Iannelli, Cristina. 2002. Parental Education and Young People’s Educational and Labour Market Outcomes: A Comparison across Europe. 45. MZES.

      Bernardi, Fabrizio and Gabrielle Ballarino, eds. 2016. Education, Occupation, and Social Origin: A Comparative Analysis of the Transmission of Socio-Economic Inequalities. Cheltenham, UK: Edward Elgar Publishing.

      Comment


      • #4
        Anders:
        - I'm not sure about what you mean by "country variance". Do you mean the effect on variation on the occupational attainment (when adjusted for the remaining predictors) due to -i.country-? Or else?
        That said, you can use -testparm- as a post estimation test to check whether -i-country- actually reaches statistical significance:
        Code:
        testparm(i.country)
        Thanks for providing full references.
        As an aside, since I've had the pleasant chance to meet him about 10 years ago as he organized an interesting workshop at the School of Political Science, University of Milan (where I was happy to meet Maarten Buis , who gave, in turn, an even more interesting speech concerning his PhD dissertation), the given name of the second editor of the second reference you quoted is Gabriele (one el only).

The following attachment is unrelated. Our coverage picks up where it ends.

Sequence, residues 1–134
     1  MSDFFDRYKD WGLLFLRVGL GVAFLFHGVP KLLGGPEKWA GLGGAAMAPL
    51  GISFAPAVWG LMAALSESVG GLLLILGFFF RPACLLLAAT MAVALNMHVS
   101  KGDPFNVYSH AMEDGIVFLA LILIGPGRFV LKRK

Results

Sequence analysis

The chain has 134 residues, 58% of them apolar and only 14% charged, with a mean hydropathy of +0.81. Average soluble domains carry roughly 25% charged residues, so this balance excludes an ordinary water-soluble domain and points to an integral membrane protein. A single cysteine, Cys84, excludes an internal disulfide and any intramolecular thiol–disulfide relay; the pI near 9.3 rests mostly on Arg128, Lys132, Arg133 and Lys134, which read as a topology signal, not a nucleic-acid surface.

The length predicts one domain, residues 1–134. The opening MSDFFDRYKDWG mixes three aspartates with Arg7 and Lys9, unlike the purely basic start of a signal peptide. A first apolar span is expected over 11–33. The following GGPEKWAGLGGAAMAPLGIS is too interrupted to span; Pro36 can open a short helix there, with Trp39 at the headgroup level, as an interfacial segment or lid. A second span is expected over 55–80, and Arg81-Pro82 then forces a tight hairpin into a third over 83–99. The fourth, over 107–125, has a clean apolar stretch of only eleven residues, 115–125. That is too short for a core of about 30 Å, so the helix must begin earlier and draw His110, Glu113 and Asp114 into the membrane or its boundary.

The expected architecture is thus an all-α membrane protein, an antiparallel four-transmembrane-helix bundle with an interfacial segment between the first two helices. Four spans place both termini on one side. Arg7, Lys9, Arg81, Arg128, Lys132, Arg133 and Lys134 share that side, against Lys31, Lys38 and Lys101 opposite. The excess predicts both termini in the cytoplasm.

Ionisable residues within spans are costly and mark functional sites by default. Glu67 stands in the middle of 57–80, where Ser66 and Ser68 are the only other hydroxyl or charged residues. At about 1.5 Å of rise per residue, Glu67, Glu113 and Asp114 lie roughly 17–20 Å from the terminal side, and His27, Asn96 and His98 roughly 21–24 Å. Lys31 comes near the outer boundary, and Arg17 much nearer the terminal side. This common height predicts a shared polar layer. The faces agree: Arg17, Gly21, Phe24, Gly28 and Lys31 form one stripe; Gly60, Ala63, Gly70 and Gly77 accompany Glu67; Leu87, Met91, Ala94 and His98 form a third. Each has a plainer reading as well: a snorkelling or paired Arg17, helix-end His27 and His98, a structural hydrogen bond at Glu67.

Kind regards,
        Carlo
        (Stata 15.1 SE)

        Comment


        • #5
          I can see why as it is not formulated very clearly. Let me try again. By country variation, I mean the difference in the effect of social origin (parental occupation) on occupational attainment there is between the European countries (measured by the coefficients from OLS regression).

          Both Iannelli and Bernardi & Ballarino use OLS regression (one model estimated per country) to estimate this effect in various countries and compare the results without testing whether the different effect found in different countries are statistically significant. This just struck me as rather odd.

          thank you for both the post estimation command and the tip about Gabriele

          Best regards

          Anders

          Comment


          • #6
            Anders:
            thanks for providing further clarifications.
            You should probably looking for something along the following lines (I assume that you have a cross-sectional dataset and your dependent variable is polytomous):
            Code: